Ideas for the Spring Racing Carnival


If you’ve been out in Melbourne lately, you’ve almost definitely seen a brioche bun of some kind on the menu. If you’re a fan, perhaps you should try your hand at making some to take to the upcoming Melbourne Spring Racing Carnival.

If you’ve never made bread before don’t worry, these aren’t difficult and are a good place to start. There are no tricky steps, though I would advise you use a stand mixer with a dough hook to make life easier. If you don’t own one, feel free to have a go by hand. These rolls won’t stay fresh for long though, so make the dough the night before and bake them fresh on the day.

Below are two options for fillings: a vegetarian satay tofu option, and a BBQ pork option you may recognize from a post not long ago. The filling recipes are for 12 buns, the number the brioche recipe makes, so if you want to try both you’ll need to double the brioche recipe.

2 tbsp milk
6 gm dried yeast
275 gm bread flour + extra for dusting
30 gm caster sugar
3 eggs, at room temperature
175 gm softened butter (not melted)
spray oil
1 egg yolk, whisked with 1 tbsp milk

  1. In a small bowl, microwave milk for about 20 seconds, or until just warm. Add yeast and allow to sit for 5 minutes until small bubbles begin to appear.
  2. In a stand mixer with a dough hook attachment, combine plain flour, caster sugar, eggs, and yeast mixture. Knead on a medium speed for 8-10 minutes until smooth and well combined.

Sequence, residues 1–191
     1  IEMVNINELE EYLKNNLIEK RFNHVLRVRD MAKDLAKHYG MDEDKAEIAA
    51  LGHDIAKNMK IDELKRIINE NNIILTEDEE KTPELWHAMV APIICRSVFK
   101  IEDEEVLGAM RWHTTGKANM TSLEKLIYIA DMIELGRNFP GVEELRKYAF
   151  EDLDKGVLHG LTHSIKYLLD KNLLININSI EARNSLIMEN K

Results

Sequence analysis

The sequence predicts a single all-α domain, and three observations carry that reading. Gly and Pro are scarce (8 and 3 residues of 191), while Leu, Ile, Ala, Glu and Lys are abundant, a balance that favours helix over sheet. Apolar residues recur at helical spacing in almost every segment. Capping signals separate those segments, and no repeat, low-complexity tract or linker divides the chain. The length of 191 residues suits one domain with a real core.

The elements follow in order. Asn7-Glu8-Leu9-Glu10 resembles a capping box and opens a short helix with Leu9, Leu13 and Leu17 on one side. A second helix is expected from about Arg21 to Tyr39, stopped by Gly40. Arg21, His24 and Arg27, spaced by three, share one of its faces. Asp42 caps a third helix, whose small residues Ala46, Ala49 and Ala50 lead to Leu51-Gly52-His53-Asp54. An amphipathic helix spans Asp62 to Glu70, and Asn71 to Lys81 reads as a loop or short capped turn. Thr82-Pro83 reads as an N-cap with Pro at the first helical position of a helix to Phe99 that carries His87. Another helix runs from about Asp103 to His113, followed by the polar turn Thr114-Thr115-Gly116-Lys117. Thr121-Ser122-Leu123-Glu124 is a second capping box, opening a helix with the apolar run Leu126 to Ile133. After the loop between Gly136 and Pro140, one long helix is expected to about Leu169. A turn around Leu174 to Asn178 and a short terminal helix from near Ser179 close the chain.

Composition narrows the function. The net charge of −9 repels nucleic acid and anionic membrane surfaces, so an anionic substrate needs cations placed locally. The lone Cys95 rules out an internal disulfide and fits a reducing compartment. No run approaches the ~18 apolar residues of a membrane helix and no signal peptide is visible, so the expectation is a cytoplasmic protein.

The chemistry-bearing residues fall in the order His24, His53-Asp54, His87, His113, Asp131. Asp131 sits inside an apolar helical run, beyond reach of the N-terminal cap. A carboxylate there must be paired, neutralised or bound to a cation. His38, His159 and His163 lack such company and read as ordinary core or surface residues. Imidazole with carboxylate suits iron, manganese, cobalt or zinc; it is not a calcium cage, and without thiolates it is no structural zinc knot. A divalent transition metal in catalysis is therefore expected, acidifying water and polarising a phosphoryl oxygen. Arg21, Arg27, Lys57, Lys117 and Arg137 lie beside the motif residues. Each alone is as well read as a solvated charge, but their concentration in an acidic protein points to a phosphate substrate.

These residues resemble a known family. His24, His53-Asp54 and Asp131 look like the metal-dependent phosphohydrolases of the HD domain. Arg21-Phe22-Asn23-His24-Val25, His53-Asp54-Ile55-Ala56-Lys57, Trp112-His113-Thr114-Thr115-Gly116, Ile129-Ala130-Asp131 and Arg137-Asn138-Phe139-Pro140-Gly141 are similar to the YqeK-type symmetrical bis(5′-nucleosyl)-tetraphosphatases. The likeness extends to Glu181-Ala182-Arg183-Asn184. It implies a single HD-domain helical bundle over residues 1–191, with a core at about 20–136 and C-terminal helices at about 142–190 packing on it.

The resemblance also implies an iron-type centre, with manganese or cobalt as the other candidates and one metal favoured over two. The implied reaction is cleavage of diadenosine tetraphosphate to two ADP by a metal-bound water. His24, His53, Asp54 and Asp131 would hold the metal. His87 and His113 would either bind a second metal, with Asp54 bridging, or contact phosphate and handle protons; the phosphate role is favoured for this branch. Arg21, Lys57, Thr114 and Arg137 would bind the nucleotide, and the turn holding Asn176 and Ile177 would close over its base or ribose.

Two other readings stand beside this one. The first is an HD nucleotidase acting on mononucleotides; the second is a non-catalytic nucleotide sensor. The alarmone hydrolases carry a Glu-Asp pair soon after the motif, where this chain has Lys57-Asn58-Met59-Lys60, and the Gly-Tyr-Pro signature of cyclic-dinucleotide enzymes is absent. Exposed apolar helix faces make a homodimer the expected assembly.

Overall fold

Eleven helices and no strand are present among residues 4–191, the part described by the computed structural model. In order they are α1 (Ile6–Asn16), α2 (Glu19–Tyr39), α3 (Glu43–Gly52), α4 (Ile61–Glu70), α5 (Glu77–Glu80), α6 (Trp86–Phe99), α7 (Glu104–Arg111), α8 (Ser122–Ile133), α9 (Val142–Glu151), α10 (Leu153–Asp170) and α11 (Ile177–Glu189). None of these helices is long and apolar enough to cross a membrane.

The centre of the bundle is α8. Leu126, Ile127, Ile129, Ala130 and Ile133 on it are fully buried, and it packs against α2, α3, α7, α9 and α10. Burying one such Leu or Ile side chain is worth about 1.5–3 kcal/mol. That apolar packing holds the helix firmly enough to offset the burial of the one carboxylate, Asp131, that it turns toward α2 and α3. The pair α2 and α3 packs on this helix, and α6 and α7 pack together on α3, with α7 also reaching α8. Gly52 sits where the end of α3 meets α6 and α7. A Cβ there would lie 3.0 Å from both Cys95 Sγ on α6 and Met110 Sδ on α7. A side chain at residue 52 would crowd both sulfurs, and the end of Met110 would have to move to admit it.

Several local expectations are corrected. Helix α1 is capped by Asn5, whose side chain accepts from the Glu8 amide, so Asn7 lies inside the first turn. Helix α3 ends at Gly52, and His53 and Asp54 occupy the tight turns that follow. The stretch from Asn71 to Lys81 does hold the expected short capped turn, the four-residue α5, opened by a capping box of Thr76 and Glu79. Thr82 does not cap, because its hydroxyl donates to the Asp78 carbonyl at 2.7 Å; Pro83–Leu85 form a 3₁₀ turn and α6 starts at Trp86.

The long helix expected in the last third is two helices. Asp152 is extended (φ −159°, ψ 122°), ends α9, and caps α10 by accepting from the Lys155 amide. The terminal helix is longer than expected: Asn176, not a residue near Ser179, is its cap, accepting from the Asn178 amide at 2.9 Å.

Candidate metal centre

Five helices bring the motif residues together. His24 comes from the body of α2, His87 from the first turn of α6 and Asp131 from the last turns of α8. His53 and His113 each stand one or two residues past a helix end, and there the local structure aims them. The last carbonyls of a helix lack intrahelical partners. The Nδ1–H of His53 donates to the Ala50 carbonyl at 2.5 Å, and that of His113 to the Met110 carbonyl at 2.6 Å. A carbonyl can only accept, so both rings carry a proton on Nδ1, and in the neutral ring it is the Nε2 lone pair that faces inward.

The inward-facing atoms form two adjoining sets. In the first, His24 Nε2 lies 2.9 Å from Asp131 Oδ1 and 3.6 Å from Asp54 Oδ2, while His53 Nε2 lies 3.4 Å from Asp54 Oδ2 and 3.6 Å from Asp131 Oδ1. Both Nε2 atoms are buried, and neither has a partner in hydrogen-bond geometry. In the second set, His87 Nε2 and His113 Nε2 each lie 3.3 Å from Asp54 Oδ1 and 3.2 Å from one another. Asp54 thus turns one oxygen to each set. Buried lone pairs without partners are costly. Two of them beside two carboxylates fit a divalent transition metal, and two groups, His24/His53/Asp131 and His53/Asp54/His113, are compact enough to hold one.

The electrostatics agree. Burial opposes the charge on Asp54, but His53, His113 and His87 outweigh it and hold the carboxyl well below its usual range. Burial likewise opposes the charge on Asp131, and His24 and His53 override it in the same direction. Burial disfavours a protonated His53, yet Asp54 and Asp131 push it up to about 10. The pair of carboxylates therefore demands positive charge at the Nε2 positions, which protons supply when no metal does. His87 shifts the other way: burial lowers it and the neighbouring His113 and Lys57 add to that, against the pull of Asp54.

3. With the motor running, add the softened butter a little at a time, beating well after each addition. Once all the butter is added, beat for a further 5 minutes until smooth and glossy.
  4. Pour the sticky batter onto a very lightly floured bench top and form into ball. Transfer to a lightly greased large bowl, cover with a tea towel and set aside in a warm spot for 1 hour until doubled in size.
  5. Once risen, tip the batter onto a very lightly floured bench top and knead a few times by hand. Transfer back to the bowl, cover with a tea towel, and leave for an hour to double in size. Alternatively at this point you can refrigerate the dough overnight. If you do this, take the dough out of the fridge 2 hours ahead of time.
  6. Divide the dough into 12 equal portions. Taking one portion, roll roughly into a ball. With the ball infront of you, pull the edges of the ball into the center, pressing down firmly, rotating as you go. Then, turn the ball over the cupping the ball between the sides of your hands, rotate the ball in a circular motion to create an even shape. For a good example of how to form the rolls, check out this video:
  7. Once you have shaped all 12 balls of dough, place evenly on a baking tray and leave in a warm place to rise for 1 hour.
  8. Once the balls are doubled in size, place in a 200C oven for 10-12 minutes or until golden. Remove and allow to cool before storing in an airtight container – they won’t last longer than a day.

Makes 12


1 cup quality aioli
12 small cos lettuce leaves
12 pieces of satay marinated tofu

2 carrots, peeled and grated
1/2 bunch coriander leaves
12 colourful skewers (to serve)
12 brioche buns (recipe above)

  1. Cut rolls in half and spread with aioli.
  2. Top each half with lettuce, a piece of tofu, a little grated carrot and some coriander leaves.

Makes 12


1kg pork shoulder, bone removed, rolled
150ml good quality BBQ sauce
1/4 red cabbage
1/2 cup good quality mayonnaise
125g butter

12 colourful skewers (to serve)
12 brioche buns (recipe above)

  1. Preheat oven to 150C.